Shows & Panels
Shows & Panels
- The 2014 Big Picture on Cyber Security
- AFCEA Answers
- American Readiness: Renewable Power and Efficiency Technologies
- Ask the CIO
- Building the Hybrid Cloud
- Connected Government: How to Build and Procure Network Services for the Future
- Continuing Diagnostics and Mitigation: Discussion of Progress and Next Steps
- Federal Executive Forum
- Federal News Radio's National Cyber Security Awareness Month Special Panel Discussion
- Federal Tech Talk
- The Future of Government Data Centers
- The Future of IT: How CIOs Can Enable the Service-Oriented Enterprise
- Government Perspectives on Mobility and the Cloud
- The Intersection: Where Technology Meets Transformation
- Maximizing ROI Through Data Center Consolidation
- Mitigating Insider Threats in Virtual & Cloud Environments
- Modern Mission Critical Series
- The New Generation of Database
- Reimagining the Next Generation of Government
- Targeting Advanced Threats: Proven Methods from Detection through Remediation
- Transformative Technology: Desktop Virtualization in Government
- The Truth About IT Opex and Software Defined Networking
- Air Traffic Management Transformation Report
- Cloud First Report
- General Dynamics IT Enterprise Center
- Gov Cloud Minute
- Government in Technology Series
- Homeland Security Cybersecurity Market Report
- National Cybersecurity Awareness Month
- Technology Insights
- The Cyber Security Report
- The Next Generation Cyber Security Experts
Shows & Panels
Search Tags: shutdown
John Palguta, vice president for policy at the Partnership for Public Service, talks about the top issues federal workers faced in 2011. Some were good and some were bad.
If you ask about federal employees what the biggest story of 2011, the words that cropped up the most were: freeze, shutdown and Congress, according to a Federal News Radio open-ended response survey.
According to some experts, the ancient Mayans played soccer with human heads. We know for a fact that politicians play chicken with paychecks — as in your paycheck, Senior Correspondent Mike Causey says.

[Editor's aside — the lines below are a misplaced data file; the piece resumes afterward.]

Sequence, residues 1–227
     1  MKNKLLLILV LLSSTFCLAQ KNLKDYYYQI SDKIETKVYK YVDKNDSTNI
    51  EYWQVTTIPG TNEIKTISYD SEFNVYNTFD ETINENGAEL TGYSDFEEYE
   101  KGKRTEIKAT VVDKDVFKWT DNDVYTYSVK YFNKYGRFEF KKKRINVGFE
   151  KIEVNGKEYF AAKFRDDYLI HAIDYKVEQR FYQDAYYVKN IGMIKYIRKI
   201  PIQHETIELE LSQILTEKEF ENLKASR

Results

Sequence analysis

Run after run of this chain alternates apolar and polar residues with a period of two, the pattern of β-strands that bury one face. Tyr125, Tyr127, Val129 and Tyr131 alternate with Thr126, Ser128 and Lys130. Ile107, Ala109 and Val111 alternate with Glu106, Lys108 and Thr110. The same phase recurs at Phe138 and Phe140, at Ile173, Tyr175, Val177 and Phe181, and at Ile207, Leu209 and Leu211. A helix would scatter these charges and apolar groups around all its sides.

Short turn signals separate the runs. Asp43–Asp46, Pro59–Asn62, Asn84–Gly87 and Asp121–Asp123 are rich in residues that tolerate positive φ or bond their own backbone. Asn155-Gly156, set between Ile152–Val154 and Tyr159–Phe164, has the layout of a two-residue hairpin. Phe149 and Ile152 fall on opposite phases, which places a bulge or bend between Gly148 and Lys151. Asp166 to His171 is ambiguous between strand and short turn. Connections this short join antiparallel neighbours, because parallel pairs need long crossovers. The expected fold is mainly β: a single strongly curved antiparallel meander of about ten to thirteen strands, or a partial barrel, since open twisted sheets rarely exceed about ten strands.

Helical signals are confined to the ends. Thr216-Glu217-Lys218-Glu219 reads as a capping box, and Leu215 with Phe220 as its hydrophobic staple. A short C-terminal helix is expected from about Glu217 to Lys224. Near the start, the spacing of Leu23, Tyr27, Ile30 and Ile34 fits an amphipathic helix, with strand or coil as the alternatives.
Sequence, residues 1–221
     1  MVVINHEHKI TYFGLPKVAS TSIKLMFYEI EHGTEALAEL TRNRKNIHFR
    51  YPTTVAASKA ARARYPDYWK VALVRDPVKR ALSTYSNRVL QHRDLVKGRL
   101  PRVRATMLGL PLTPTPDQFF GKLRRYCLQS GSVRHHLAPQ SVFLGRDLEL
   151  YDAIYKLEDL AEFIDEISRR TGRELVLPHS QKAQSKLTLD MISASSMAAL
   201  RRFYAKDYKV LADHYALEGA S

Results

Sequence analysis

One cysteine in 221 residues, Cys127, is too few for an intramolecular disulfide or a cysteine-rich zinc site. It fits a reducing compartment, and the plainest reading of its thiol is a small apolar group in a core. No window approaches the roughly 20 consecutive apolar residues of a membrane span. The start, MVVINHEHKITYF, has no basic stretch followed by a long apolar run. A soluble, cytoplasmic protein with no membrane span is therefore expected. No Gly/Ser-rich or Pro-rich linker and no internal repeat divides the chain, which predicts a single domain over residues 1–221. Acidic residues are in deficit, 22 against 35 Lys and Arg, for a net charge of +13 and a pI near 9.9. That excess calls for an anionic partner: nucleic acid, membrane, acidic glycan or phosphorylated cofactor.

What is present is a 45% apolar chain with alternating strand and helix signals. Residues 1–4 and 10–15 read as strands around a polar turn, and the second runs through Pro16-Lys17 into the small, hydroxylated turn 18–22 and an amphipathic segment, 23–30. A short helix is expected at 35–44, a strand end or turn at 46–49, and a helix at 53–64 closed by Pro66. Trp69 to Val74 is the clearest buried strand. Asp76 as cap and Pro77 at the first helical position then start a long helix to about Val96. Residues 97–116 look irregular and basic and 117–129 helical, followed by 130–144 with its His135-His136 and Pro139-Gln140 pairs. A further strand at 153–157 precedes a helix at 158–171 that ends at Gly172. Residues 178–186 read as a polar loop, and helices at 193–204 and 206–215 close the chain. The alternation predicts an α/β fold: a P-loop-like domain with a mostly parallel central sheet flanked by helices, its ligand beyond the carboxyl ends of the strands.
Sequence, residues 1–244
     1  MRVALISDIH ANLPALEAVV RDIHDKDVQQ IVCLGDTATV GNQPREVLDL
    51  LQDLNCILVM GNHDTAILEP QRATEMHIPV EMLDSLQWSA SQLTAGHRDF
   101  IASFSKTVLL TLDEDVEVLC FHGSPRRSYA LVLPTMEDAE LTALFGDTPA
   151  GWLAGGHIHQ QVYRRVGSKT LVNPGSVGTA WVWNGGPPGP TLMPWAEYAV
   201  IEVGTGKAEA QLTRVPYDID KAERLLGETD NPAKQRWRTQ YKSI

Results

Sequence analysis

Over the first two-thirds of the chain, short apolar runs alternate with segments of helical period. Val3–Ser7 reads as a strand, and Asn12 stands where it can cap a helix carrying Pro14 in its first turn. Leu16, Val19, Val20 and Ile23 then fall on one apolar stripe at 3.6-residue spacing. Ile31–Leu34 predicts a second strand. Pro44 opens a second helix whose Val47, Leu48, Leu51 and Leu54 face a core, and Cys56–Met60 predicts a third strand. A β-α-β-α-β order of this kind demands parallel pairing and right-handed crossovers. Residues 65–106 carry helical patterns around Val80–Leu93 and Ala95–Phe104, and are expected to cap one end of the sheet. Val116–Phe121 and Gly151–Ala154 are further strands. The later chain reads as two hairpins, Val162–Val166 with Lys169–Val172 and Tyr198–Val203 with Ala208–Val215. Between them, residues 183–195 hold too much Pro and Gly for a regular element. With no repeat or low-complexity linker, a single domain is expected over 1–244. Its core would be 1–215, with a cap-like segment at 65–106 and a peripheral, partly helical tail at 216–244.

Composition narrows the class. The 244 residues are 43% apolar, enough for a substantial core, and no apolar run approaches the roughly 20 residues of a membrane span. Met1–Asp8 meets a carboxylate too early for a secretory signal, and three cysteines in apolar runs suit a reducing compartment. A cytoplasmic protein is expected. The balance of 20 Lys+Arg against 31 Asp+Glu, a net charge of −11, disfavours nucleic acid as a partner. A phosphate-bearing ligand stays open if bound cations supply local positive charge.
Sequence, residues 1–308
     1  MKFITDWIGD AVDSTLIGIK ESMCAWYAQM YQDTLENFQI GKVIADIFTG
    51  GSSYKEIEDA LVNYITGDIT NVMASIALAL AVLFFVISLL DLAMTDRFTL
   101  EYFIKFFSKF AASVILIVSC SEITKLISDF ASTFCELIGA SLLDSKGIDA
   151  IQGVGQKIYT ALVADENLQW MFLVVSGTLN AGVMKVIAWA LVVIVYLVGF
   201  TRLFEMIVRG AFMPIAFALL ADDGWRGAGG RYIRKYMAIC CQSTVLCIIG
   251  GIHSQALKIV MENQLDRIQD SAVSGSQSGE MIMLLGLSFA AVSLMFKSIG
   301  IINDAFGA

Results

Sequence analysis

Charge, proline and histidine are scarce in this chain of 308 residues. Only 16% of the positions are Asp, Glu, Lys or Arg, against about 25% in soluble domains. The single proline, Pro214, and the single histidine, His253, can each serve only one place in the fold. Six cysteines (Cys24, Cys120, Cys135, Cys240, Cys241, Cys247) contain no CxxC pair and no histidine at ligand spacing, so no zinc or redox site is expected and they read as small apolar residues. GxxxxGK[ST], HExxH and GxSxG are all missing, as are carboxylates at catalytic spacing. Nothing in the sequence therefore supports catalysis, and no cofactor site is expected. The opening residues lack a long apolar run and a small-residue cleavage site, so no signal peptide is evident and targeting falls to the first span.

Frequently asked questions about a potential government shutdown as Congress nears its Dec. 16 deadline to reach a budget deal.
Susan Irving, GAO's director for federal budget analysis, has details of the report on the government's fast-approaching debt limit.
President Barack Obama signed the continuing resolution, which funds the government through Nov. 18, into law early Wednesday morning. The House passed the Senate-approved bill Tuesday.
There will not be a government shutdown over the 2011 budget any time soon, but the near shutdown was a fight almost every inch of the way. But some feds are taking a more optimistic view.
Congress narrowly avoided a government shutdown for now. But chances are we will be back to this same place next month, as the continuing resolution passed by Senate on Monday night lasts through Nov. 18. If a shutdown does occur, what should a government contractor do?
The Senate passed a continuing resolution to extend spending six weeks beyond the current fiscal year, ending on Friday. The House plans to vote Monday on the bill which funds government until Nov. 18. But on Nov. 23 is another important budget date — the joint select committee on deficit reduction must submit its recommendations to Congress on ways to reduce $1.2 trillion to $1.5 trillion in cuts over the next decade.
Senate Majority Leader Harry Reid (D-Nev.) said it's possible there will be a government shutdown at the end of this month.